Ann Zabludoff is Professor of Astronomy at the University of Arizona. A Pennsylvania native, she obtained bachelor’s degrees in Physics (1986) and in Mathematics (1987) from the Massachusetts Institute of Technology. She received master’s (1988) and doctoral (1993) degrees in Astronomy from Harvard University, where she was a NASA Graduate Student Research Fellow. She spent her postdoctoral years first as a Carnegie Fellow (1993–1996) at the Observatories of the Carnegie Institution in Pasadena, California, and then as a NASA Edwin P. Hubble Fellow (1996–1999) at the University of California in Santa Cruz. In 1999, she joined the Arizona faculty. She is a member of UA’s Data Science Institute, with interests in machine learning, image analysis, and large scale visualization.
Professor Zabludoff has led a wide range of studies across astronomy, astrophysics, and cosmology. Her work includes analyses of large observational databases and theoretical simulations, as well as the adaptation of astronomical instruments for new science. She and her collaborators discovered the role of groups in driving galaxy evolution (now called “preprocessing”), built a theoretical framework for multiple gravitational lensing planes, showed that distant Lyman-alpha emitting nebulae are tracers of cluster formation, clocked the time evolution of merger-induced galaxy transformations, quantified the connection between tidal disruption events and their host galaxies, accounted for nearly all of the baryons in cluster halos, proposed a new way of directly imaging exoplanets using eclipsing binaries, extended time-dependent, general relativistic “slim disk” accretion models to supermassive black holes for the first time, and upgraded the MMT’s SPOL CCD Imaging/Spectropolarimeter to map the polarization of the cosmic web. She leads the HotShots citizen science project to detect the sources of gravitational waves.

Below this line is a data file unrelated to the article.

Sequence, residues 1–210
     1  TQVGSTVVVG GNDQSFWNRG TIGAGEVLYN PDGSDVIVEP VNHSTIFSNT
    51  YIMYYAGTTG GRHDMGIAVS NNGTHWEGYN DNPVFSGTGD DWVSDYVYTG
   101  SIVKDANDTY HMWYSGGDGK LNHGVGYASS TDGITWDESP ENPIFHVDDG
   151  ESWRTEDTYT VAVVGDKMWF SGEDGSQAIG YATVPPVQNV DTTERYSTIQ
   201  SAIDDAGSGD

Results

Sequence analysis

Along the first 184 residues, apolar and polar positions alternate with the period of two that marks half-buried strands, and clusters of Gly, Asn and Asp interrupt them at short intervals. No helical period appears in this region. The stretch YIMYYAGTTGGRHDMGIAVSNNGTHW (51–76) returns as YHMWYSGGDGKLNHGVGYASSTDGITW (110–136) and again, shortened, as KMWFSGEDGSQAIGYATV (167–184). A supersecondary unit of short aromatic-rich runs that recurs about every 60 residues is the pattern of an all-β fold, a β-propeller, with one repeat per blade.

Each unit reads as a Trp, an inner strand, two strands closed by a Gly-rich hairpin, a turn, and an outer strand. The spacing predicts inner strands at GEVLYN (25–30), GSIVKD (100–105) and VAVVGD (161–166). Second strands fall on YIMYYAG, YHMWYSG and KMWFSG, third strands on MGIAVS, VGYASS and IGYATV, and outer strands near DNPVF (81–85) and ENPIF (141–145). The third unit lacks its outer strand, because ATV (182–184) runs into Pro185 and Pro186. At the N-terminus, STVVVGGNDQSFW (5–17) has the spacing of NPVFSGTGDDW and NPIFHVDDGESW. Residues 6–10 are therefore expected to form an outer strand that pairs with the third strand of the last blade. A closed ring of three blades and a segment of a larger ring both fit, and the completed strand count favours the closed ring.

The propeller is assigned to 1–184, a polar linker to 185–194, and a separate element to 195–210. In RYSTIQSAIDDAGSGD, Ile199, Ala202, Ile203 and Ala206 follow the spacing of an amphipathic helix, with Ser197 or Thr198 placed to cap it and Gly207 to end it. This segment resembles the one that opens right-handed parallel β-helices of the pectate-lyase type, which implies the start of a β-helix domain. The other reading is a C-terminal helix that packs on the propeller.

Professor Zabludoff was a J. S. Guggenheim Foundation Fellow in 2013-14 and the Caroline Herschel Distinguished Visitor at the Space Telescope Science Institute during 2011–2013. She has been an invited visitor at institutes around the world and has given review talks at more than 30 international conferences on a broad array of topics. She was plenary speaker at the 2019 Astronomische Gesellschaft and the 2018 Korean Astronomical Society meetings, as well as keynote speaker at the 2019 Advanced Imaging Conference. She discusses using compound gravitational lenses to detect the earliest galaxies in this TEDx talk. She has held leadership positions advising the NSF, NASA, and international research institutes on programs, facilities, hiring, and diversity, equity, and inclusion. She has mentored numerous junior scientists, including the 2019 ASP Robert J. Trumpler Awardee for best Ph.D. thesis in North America. She was the Graduate Program Director for UA’s Astronomy Department from 2005 to 2013, supervising 40-50 PhD students at a time. Her research is supported by the NSF and NASA.